• Subsidized Loans are awarded on the basis of financial need. Interest does not accrue on subsidized loans while the student is enrolled for at least 6 credit hours.
  • Unsubsidized Loans are awarded regardless of financial need. Interest begins accruing on Unsubsidized Loans at the time the loan is disbursed to the college.  Students receive a quarterly interest statement from the loan's servicing agency that allows the student to pay the interest accumulated during that period.  Payment of the interest at that time is not required, however, 30 days after the date of the statement the interest is added to the balance of the loan and also begins accruing interest. Students can realize significant long term savings by paying the quarterly interest charges.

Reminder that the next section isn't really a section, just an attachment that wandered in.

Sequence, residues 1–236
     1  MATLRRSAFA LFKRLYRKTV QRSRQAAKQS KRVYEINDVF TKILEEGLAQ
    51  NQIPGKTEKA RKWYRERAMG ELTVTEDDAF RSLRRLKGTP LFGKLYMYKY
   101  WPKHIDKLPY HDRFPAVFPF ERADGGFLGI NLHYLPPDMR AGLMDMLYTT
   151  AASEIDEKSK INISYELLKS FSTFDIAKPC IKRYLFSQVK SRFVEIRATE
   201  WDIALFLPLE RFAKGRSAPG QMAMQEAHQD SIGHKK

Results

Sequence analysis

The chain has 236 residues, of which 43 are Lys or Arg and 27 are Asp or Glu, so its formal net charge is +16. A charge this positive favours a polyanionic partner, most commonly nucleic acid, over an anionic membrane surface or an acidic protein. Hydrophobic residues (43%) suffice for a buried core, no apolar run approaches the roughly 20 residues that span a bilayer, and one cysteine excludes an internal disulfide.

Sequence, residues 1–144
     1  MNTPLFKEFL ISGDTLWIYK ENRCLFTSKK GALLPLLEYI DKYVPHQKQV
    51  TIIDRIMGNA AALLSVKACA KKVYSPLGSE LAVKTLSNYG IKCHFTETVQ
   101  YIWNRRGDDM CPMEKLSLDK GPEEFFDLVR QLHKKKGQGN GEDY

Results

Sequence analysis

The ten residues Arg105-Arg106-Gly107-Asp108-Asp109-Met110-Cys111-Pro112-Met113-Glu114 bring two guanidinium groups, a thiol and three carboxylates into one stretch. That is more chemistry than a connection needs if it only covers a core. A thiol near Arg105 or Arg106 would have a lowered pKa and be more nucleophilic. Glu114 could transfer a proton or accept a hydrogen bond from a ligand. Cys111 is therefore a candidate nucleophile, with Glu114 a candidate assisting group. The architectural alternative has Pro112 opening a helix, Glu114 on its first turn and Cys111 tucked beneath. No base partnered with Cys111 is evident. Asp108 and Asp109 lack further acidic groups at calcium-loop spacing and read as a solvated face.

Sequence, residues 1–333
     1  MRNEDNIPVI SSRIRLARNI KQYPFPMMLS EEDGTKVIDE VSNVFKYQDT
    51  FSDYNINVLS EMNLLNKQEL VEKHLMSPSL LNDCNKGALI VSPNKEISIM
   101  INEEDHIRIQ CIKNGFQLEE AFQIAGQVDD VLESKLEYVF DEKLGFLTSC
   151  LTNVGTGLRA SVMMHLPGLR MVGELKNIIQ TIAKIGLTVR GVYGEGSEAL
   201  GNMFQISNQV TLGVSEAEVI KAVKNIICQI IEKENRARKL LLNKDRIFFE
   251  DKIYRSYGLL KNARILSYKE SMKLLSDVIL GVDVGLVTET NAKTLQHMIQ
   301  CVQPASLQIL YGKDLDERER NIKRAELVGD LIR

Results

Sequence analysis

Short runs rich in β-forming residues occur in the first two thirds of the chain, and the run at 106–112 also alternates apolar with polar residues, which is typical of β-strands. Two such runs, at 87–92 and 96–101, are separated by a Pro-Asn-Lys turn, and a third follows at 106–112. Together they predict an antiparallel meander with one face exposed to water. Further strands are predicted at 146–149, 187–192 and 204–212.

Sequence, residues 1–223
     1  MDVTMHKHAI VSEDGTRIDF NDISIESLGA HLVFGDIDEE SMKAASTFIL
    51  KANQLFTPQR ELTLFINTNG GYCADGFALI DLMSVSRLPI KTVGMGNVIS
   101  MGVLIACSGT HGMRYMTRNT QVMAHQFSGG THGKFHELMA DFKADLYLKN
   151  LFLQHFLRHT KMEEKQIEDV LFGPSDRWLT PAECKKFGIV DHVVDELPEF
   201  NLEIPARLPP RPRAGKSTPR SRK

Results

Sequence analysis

The student financial aid office uses federal regulations to determine the amounts each student may borrow by considering the cost of attendance and other financial aid.

To learn more about the differences between Federal Direct Subsidized and Unsubsidized Loans, visit the Department of Education's Direct Loan comparison website.

Why am I considered not to be making Satisfactory Academic Progress (SAP)?

Students receiving Federal Student Aid (Grants, Loans, Federal Work Study) are required to meet Satisfactory Academic Progress (SAP) standards mandated by the Department of Education.  

The full policy can be found at: “Satisfactory Academic Progress."   

How do I use the funds listed on my award letter to pay my fees?